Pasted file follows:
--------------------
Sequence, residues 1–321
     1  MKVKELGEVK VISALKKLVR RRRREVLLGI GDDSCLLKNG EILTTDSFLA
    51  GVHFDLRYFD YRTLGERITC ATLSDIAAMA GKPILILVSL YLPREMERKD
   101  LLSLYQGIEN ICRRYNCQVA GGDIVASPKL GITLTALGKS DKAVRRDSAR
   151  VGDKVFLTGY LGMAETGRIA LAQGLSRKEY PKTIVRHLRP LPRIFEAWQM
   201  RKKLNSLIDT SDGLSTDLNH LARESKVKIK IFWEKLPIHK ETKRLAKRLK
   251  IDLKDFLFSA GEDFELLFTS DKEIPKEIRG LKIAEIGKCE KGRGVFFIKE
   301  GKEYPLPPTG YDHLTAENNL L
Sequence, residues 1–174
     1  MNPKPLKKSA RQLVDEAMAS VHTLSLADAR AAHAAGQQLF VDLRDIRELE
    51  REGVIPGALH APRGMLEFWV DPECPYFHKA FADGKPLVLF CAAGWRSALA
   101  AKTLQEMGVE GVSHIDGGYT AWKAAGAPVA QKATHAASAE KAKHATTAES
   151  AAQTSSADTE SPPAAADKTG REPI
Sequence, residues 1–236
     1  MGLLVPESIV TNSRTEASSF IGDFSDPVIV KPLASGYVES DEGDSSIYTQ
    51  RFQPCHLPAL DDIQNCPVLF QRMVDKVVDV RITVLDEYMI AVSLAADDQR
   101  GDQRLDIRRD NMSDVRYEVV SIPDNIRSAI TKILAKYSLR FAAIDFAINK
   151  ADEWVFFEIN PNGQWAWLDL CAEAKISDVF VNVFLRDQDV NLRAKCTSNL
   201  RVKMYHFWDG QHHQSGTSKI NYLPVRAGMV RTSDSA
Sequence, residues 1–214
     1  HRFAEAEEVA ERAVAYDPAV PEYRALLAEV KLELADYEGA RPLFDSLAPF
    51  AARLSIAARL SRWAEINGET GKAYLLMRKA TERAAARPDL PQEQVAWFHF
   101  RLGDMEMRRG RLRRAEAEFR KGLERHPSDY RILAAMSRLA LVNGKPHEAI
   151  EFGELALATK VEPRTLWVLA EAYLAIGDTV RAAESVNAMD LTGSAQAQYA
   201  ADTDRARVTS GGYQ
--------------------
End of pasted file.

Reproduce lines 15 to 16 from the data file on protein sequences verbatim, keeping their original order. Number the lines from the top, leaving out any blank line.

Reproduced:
     1  MGLLVPESIV TNSRTEASSF IGDFSDPVIV KPLASGYVES DEGDSSIYTQ
    51  RFQPCHLPAL DDIQNCPVLF QRMVDKVVDV RITVLDEYMI AVSLAADDQR